The parents have argued their child's route to school is dangerous because it is too dark. They demanded the town pay her bus fare, yet a court has decided that it must not. Judges suggested she be given a flashlight.
The Higher Administrative Court in Münster, Germany, has struck down a lower court decision over whether or not a city must pay the bus fare of a schoolchild. The case was originally brought by the parents of an eight-year-old girl who claimed the child's school route was dangerous because it was poorly lit.
The parents demanded the town of Wegberg, in the state of North Rhine-Westphalia, cover the cost of the child's bus tickets. The city refused to cover the costs, so the case went before an administrative court in the city of Aachen. The lower court decided in favor of the parents, ordering Wegberg to cover the child's bus fare for the 2015/2016 school year. The city of Wegberg appealed the ruling.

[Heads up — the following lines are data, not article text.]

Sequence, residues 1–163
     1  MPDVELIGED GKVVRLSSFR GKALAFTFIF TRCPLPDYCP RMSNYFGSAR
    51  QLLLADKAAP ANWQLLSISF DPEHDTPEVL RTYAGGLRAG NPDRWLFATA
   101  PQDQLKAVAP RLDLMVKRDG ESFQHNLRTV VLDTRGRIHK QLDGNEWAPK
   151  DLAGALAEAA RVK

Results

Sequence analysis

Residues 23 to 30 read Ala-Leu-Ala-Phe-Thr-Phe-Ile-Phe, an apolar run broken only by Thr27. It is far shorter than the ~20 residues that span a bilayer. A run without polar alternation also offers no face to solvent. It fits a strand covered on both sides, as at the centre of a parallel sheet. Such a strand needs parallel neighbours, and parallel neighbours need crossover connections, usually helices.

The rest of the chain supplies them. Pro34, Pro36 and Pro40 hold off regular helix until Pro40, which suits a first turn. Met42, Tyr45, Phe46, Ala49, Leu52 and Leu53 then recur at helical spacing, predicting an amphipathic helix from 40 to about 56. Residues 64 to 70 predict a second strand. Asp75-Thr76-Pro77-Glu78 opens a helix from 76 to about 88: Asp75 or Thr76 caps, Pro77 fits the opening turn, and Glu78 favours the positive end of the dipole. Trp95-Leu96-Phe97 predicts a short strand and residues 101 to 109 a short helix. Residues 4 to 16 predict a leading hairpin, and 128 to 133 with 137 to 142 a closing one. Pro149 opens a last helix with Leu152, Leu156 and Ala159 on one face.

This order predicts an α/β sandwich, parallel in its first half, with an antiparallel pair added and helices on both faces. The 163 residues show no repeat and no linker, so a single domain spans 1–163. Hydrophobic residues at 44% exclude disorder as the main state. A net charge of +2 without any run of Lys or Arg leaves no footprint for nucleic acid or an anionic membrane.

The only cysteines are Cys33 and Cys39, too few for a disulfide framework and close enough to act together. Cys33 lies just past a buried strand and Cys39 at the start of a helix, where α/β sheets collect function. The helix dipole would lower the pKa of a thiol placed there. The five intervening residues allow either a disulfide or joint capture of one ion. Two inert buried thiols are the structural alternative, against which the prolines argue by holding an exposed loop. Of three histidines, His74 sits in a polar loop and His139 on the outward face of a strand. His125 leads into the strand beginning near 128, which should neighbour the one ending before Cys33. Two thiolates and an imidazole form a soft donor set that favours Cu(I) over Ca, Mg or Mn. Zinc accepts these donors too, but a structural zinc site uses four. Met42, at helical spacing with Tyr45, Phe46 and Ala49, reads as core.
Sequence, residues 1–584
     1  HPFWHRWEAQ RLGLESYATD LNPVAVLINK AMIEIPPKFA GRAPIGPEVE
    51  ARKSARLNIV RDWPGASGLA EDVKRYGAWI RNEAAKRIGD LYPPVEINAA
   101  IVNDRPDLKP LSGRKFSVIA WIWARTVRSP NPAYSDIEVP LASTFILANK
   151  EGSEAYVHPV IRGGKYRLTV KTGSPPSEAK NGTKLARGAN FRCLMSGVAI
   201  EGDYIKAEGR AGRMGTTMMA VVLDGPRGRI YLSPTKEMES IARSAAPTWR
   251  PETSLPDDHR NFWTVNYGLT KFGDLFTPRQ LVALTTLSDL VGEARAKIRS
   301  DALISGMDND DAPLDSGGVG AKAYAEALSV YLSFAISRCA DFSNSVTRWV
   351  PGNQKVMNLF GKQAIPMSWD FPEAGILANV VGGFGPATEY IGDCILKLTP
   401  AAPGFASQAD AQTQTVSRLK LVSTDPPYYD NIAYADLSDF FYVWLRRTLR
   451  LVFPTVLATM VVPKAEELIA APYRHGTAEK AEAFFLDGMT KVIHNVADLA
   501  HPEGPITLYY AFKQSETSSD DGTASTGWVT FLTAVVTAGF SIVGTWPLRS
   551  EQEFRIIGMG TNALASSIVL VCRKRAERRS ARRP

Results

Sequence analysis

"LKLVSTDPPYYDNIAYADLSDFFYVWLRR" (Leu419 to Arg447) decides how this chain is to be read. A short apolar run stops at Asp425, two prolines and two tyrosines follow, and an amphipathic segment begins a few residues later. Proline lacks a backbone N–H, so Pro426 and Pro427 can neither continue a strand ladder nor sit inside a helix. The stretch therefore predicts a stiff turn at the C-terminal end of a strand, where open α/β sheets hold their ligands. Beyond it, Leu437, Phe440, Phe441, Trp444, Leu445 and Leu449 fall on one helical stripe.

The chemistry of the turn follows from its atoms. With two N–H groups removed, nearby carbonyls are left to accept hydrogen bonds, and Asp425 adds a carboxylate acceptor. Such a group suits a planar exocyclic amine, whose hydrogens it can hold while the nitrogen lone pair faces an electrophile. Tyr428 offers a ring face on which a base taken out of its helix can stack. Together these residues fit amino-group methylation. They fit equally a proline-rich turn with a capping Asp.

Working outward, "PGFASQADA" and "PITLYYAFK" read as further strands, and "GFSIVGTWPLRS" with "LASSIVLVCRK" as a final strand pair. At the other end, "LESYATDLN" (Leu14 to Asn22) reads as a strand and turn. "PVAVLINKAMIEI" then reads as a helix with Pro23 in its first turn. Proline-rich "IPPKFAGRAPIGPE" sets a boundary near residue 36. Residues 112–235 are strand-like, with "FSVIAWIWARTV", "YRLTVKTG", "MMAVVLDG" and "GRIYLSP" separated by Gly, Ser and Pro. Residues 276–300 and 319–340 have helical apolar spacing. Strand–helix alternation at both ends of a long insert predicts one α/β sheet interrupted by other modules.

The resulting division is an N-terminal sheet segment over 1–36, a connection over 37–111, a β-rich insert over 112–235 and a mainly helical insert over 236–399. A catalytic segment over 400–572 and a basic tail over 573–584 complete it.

Judges hearing the appeal in Münster said they could understand the parents' concerns, but that German law stipulates municipalities are only liable for covering the cost of bus fare if the child has to travel 2 kilometers (1.4 miles) or more to get to school. That was not the case in Wegberg. An exemption to that rule can be made if the route is especially dangerous. Judges found that not to be the case either.
In striking down the lower court's verdict, judges in Münster did, however, provide a possible solution for the parents: Buy the child a flashlight.